I began this post with a simple way to appreciate and connect to water. Here’s a more challenging way to do it in my area. On a hot day go to the hills, where in my tradition, Lugh reigns right now. Walk in the heat and the dust, smell the dry, golden grass all around you. Touch the powdery dry bark of the live oaks and feel their waxy leaves. Listen to the hum of heat, and feel your own sweat run down your body as you hike in the heat and glorious sunshine. Feel yourself getting parched and overheated. At the top of a hill, where you can see the glorious Pacific, or San Francisco Bay spread out before you, open your pack. In it you have packed a water bottle, wrapped against the heat, beaded with condensation and filled with cool water. You won’t be able to resist running that bottle over your body, holding it against the back of your neck, feeling the beads of moisture on your skin, cool and wonderful. Hold it in your hand and open it, and when you drink, you will feel every molecule of coolness as it slips down your throat and becomes part of you. You will feel every cell in your body open to the giver of life, the gift of California’s rains and her living heart, depending on where this water you drink comes from.
When you go home, take a shower, wash yourself clean, and think about the miracle we all have installed in our homes; an ever flowing waterfall, that runs at any temperature we choose. What has it been? Seventy years or so since showers became a regular part of our lives? We are so wealthy. We would do well to appreciate what we have, and give thanks for it.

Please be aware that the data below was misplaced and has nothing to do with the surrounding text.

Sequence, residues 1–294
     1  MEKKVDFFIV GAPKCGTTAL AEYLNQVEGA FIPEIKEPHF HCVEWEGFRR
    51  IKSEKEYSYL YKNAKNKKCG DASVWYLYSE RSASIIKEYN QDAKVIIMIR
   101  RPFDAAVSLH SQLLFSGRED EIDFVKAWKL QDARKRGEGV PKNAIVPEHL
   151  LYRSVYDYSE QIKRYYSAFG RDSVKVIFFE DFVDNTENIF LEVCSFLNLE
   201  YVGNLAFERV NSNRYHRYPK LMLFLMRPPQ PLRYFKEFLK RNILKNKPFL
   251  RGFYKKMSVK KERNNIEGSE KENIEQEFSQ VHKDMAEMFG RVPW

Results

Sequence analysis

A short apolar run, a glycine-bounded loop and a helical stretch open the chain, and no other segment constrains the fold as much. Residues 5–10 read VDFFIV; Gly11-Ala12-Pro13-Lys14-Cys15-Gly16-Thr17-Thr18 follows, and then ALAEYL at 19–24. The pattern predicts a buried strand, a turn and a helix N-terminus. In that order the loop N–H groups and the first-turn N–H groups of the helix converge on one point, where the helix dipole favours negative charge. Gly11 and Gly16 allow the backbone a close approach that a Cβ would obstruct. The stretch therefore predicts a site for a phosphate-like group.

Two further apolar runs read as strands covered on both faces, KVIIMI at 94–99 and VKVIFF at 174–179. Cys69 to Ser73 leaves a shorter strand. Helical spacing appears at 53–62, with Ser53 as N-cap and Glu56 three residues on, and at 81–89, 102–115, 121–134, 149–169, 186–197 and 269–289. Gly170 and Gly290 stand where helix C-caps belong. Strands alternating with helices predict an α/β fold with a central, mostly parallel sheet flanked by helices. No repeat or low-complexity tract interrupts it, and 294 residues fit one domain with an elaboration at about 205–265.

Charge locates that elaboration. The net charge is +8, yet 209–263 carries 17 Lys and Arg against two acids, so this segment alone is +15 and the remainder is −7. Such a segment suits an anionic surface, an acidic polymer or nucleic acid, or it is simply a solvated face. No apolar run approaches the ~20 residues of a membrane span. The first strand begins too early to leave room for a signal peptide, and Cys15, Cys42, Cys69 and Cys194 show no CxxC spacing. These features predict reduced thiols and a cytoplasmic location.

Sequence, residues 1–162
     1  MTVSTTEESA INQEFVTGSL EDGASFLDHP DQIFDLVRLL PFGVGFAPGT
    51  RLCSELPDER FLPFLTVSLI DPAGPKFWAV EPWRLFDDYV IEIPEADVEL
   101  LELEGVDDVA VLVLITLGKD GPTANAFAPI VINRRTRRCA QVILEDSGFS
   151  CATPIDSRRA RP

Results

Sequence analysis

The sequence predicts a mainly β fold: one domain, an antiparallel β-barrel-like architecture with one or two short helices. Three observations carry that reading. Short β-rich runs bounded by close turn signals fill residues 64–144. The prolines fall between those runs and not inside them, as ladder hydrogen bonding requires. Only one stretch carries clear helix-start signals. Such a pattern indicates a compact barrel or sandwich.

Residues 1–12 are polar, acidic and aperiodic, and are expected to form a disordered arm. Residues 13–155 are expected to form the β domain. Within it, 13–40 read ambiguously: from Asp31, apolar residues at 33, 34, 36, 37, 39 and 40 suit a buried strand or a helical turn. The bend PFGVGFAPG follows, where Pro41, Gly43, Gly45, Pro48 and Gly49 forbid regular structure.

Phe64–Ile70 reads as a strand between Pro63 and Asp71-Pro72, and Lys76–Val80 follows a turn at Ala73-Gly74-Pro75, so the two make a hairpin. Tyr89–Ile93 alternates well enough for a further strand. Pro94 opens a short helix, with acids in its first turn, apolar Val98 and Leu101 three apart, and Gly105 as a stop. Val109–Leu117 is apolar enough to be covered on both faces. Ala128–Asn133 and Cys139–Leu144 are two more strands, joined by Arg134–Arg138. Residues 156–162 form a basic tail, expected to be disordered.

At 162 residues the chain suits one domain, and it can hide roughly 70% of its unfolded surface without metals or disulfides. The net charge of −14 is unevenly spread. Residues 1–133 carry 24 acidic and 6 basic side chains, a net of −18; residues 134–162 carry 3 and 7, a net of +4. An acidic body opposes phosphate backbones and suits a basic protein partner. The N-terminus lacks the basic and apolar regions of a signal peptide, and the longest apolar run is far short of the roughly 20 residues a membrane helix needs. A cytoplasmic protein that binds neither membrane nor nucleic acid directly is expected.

What is the story of water in your land?
The mythology we need is likewise growing with us.
Gaia showed me a plastic cat today. S/he was cute and cuddly, shallow in that candy apple kind of way, a plush toy of an animal.
As a Pagan, I didn’t expect to have Plastic show up in my meditation. Aren’t we supposed to encounter Great Trees thousands of years old, or have deep and meaningful conversations with wise old ancestral beings? Naah. I’m a city kid. A fake fur generic stuffed cat named Plastic makes perfect sense. After all, I have a pretty intimate relationship with it. As a city kid, I encounter it all the time. In addition, I work on a beach in a big-city park. Plastic is washed up on it, thrown on it, blown on it. Thinking on how each bit got there isn’t something you can do all the time, but there have been very interesting stories that came in on garbage.
Garbage? What is garbage? Something we don’t want, right? Something we want to have go away. This was not really a problem in the past so we don’t yet have much experience with it. With most things, we were more concerned with making them last than their eventual demise. Food came packaged in things that rotted, or could be reused. There were fewer humans, and less to dispose of.
Plastic makes life so easy. Everything in our world is fresh and clean, individually separated and made to whatever size we wish. Cheap to manufacture, light and almost unbreakable, we throw a broken possession away and buy another without a care in the world. While we weren’t looking, we filled our world with it and only now that we are completely dependent on it are we beginning to realize we have a problem.
Plastic changed everything. Plastic is revolution on an elemental level, equal to the moment plants learned to create lignins. Both moments changed the world. At first, nothing could eat lignins. Plants grew, fell over–and lay there. They ushered in the Carboniferous Age. Now we humans have found those buried trees in the form of coal, and other fossil fuel sources as well. We make plastic from oil. Inert, strong, dense, it is a one-dimensional portrait of the qualities of the element Earth. It bears about as much resemblance to a living part of this planet as a carousel horse does to a real one. It does not fit anywhere, and we have spread it everywhere.